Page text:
Barber: Adagio for Strings; Ives: Symphony No. 3, etc. (CD review)
It's surprising, isn't it, how sometimes the simplist tune can become a hit, then a classic? Take Samuel Barber's little Adagio for Strings, for instance. It started life as the slow movement of his String Quintet, and in the late 1930s he arranged it for string orchestra. It became an instant success, and it has been popular ever since; yet it is really nothing more than a single brief passage repeated several times in several different ways.
The Adagio has never sounded more beautiful than under the direction of Neville Marriner and the Academy of St. Martin-in-the-Fields, back in the days (1976) when they were still hyphenating their name and doing their recordings for Argo. This Decca Originals brings together the Academy's acclaimed album of short, twentieth-century American works, which also includes Charles Ives's Third Symphony, Aaron Copland's Quiet City, Henry Cowell's Hymn and Fuguing tune No. 10, and Paul Creston's A Rumour. Marriner and the Academy play them straightforwardly, incisively, without a hint of sentimentality or undue exaggeration.
The Decca engineers remastered the collection in 96kHz/24-bit sound, which brings out all the detail and warmth of the music and the music making. There is a very slight edge to the upper midrange, common to many Decca recordings of the day, but it is quite faint and should not present an issue for most listeners.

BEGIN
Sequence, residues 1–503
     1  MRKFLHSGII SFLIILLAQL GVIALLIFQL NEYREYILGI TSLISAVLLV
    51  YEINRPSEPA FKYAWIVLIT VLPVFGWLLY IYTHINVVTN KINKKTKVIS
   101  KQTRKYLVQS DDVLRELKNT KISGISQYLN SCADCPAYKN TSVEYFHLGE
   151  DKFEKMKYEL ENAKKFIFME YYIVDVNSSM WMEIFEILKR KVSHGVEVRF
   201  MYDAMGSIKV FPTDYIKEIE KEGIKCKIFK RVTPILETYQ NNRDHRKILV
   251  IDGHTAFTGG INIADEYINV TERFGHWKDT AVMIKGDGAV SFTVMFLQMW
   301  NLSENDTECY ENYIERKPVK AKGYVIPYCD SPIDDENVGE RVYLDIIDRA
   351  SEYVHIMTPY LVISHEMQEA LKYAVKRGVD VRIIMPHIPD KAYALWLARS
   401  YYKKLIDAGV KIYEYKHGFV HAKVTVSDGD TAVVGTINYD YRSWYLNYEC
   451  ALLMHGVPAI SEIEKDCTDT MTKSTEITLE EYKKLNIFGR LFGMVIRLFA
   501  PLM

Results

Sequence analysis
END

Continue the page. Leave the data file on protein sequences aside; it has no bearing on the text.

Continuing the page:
William (Bill) Heck, Contributing Reviewer
Among my early childhood memories are those of listening to my mother playing records (some even 78 rpm ones!) of both classical music and jazz tunes. I suppose that her love of music was transmitted genetically, and my interest was sustained by years of playing in rock bands – until I realized that this was no way to make a living. The interest in classical music was rekindled in grad school when the university FM station serving as background music for studying happened to play the Brahms First Symphony. As the work came to an end, it struck me forcibly that this was the most beautiful thing I had ever heard, and from that point on, I never looked back. This revelation was to the detriment of my studies, as I subsequently spent way too much time simply listening, but music has remained a significant part of my life. These days, although I still can tell a trumpet from a bassoon and a quarter note from a treble clef, I have to admit that I remain a nonexpert. But I do love music in general and classical music in particular, and I enjoy sharing both information and opinions about it.
The audiophile bug bit about the same time that I returned to that classical music. I’ve gone through plenty of equipment, brands from Audio Research to Yamaha, and the best of it has opened new audio insights. Along the way, I reviewed components, and occasionally recordings, for The $ensible Sound magazine. Recently I’ve rebuilt--I prefer to say reinvigorated--my audio system, with a Sangean FM HD tuner and (for the moment) an ancient Toshiba multi-format disk player serving as a transport, both feeding a NAD C 658 streaming preamp/DAC, which in turn connects to a Legacy Powerbloc2 amplifier driving my trusty Waveform Mach Solo speakers, supplemented by a Hsu Research ULS 15 Mk II subwoofer.